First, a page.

quotes with approbation Dean Swift's de-
finition of liberty of conscience, 274; re-
marks on the author's reasoning, 275,
et scq.; his observations on the sacra-
ment, as a test, considered, 278, 9; the
test proved to be a grievance, 279, et

Adams, Mr. President, character of, &c.

238; his coalition with Mr. Clay, 239.
Africa, Beechey's proceedings to explore
the northern coast of, 329, et seq.

-, south, Philip's researches in, &c.,
385, et seq.
Allahabad, the city of, its situation, &c. 419.
Allegories and types, danger arising from

the spirit of multiplying them, 36, 7.
America, north, the United States of, as

they are, 232, et seq.; apparent object
of the author, 232; unparalleled pro-
gress of the United States, 233; canals
of New York, &c., ib. ; arrival at Leg-
horn of a ship built at Pittsburgh, ib. ;
curious dispute between the Captain and
the Custom-house officer, ib.; English-
men not qualified to take a fair view of
the United States, ib. ; they cannot be
advantageously compared with England,
234; diversity of man-among the
people, 234, 5; the love of money the
ruling passion of the American, 235 ;
description of the American cities, 236;
architecture of the cities, and of the
churches, ib.; the American character
respectable but not amiable, ib. ; strong
prejudice prevailing in England against
it, 237; the author not free from his
own charge, ib. ;. family influence, and
characler of Mr. Adams, 238; coalition
of Mr. Adams and Mr. Clay, 238, 9;
character of Mr. Clay, 239, 40; is con-
sidered by his partizans as the first of
American orators, 240; oratorical cha.
racter of Mr. Clay, extracted from the
North American Review, 241; charac-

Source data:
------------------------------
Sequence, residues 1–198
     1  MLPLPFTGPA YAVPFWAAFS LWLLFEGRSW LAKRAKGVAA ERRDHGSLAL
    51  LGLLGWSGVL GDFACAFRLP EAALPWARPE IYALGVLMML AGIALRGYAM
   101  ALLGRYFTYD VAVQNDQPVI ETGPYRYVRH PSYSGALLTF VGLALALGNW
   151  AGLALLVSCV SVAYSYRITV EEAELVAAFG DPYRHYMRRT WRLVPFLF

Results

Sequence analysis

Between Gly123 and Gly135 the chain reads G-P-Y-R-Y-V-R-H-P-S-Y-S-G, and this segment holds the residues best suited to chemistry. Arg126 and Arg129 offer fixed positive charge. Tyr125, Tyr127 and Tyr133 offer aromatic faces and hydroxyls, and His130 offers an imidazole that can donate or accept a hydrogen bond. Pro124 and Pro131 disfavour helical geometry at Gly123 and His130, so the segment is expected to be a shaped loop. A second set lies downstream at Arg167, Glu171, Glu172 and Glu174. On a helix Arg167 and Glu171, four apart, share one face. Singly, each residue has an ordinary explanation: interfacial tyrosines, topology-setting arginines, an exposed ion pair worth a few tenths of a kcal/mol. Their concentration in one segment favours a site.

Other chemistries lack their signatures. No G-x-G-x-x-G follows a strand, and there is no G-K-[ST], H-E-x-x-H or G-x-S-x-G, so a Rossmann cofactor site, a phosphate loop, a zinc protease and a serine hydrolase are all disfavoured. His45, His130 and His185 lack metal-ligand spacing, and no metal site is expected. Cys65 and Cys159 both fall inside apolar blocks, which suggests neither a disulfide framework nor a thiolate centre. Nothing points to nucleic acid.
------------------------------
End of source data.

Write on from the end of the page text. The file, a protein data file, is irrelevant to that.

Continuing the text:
ter of his speeches similar to that of For

Baptism, infant, the means of national re-

formation, &c., by H. Budd, 110, et seq.
Barrow on the responsibility of man for his

belief, &c., 361, et seq. ; on the dignity
pril upon faith, 364; faith implies a good.
use of reason, 364, 5; on the influence
of the will upon our judgement of things,

365, et seq.
Barn, the, and the Steeple, 474, et seq.
Barton's lecture on the geography of

plants, 564, et seq.
Beechey's proceedings of the expedition to

explore the northern coast of Africa,
&c., 329, et seq.; friendly disposition of
the Bashaw of Tripoli, 331 ; character
of Shekh Mahommed, ib.; Capt. Smith's
account of Lebida, the ancient Leptis,
331, 2; granite columns, cornices, &c.,
sent by him to the British Museum,
332 ; his visit to the ruins of Ghirza,
ib. ; curious account of a Marabút doc-
tor, 333, 4; treacherous state of the
earth at the marshes near Mesurata,
334, 5; Shekh Mahommed's duplicity


et seq.

justly rewarded, 335, 6; account of
the Arabs of Zaffran, 337, 8; state
of the country about the Syrtis and
the Cyrenaica, 338; Bengazi, ib.; the
supposed gardens of the Hesperides,
339; extract from De Sacy's Chresto-
mathie Ara 340; Tauchira, or Tocra,
340, 1; ruins of Ptolemeta, 341; ro-